A survey of low-carbon cities worldwide identifies district energy systems as an essential tool for local governments seeking to reduce greenhouse gases and improve energy efficiency.
The U.N. Environment Program report, "District Energy in Cities – Unlocking the Potential of Energy Efficiency and Renewable Energy," calls for the accelerated deployment of district energy systems around the world. From the report's executive summary:
"The development of modern (i.e., energy-efficient and climate-resilient) and affordable district energy systems in cities is one of the least-cost and most-efficient solutions for reducing greenhouse gas emissions and primary energy demand. A transition to such systems, combined with energy efficiency measures, could contribute as much as 58 per cent of the carbon dioxide (CO2) emission reductions required in the energy sector by 2050 to keep global temperature rise to within 2-3 degrees Celsius."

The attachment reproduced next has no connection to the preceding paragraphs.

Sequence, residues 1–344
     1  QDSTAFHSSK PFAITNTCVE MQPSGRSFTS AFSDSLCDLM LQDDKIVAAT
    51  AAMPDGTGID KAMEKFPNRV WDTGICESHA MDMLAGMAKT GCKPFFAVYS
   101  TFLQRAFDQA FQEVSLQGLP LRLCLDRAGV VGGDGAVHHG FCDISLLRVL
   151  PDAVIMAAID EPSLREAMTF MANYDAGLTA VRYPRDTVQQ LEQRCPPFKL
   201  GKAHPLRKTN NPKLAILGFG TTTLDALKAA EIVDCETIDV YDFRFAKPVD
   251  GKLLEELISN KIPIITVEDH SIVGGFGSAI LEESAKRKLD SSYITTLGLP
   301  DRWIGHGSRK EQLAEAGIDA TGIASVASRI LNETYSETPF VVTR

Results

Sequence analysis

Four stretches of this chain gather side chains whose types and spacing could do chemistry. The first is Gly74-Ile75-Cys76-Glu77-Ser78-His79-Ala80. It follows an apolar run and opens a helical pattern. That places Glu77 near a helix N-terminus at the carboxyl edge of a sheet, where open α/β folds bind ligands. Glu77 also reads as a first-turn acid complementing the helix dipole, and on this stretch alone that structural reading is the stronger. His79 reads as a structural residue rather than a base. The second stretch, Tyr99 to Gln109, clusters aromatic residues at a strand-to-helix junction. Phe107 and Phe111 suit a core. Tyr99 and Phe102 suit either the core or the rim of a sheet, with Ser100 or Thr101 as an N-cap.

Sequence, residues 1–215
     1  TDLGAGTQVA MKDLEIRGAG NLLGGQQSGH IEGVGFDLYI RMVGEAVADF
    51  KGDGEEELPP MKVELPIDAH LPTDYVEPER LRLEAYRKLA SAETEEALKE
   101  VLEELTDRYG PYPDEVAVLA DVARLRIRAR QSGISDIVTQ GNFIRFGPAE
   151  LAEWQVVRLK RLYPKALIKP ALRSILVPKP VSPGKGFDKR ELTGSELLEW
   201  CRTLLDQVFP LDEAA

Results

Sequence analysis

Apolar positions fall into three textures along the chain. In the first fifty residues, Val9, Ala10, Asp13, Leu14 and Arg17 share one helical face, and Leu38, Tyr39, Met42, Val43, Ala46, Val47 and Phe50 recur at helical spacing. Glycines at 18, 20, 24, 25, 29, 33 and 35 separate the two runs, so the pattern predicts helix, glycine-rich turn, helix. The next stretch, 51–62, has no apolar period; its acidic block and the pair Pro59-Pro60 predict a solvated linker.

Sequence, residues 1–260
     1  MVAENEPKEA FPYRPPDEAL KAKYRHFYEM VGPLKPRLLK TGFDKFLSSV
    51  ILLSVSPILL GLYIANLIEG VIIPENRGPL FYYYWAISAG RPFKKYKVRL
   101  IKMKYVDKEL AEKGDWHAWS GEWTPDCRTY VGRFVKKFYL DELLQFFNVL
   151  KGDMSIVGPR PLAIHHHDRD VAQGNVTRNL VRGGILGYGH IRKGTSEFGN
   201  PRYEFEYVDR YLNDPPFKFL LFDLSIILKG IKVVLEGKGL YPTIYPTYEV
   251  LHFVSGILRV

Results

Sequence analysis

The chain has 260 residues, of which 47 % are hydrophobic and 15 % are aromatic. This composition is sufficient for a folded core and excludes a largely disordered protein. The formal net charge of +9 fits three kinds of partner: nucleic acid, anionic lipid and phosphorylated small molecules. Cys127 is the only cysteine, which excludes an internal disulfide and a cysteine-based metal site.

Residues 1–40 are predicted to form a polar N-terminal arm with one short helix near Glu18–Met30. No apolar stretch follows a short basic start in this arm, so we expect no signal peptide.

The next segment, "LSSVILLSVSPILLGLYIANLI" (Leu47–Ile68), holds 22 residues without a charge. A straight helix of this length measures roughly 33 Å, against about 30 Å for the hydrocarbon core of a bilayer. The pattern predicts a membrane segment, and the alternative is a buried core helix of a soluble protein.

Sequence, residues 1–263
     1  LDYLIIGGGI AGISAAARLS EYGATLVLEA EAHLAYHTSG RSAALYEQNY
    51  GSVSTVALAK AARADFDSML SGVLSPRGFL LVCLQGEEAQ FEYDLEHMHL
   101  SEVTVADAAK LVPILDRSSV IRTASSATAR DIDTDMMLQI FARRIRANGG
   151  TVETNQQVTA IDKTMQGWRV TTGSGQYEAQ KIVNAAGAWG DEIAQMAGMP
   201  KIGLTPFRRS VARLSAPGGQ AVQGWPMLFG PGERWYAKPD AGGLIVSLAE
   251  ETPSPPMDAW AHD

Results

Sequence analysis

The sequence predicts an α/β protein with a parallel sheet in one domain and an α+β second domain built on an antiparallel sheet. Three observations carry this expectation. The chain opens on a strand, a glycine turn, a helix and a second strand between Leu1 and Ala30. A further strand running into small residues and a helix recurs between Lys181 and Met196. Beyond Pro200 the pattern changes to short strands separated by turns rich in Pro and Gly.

Paris, one of the 45 "champion" cities surveyed, developed Europe's first cooling network, part of which uses the Seine River. The Paris Urban Heating Co., which now serves the equivalent of 500,000 households, aims to use 60 percent renewable or recovered energy by 2020. Other cities in the report include Tokyo, Munich, Hong Kong, Guelph (Canada), Warsaw (Poland) and Christchurch (New Zealand).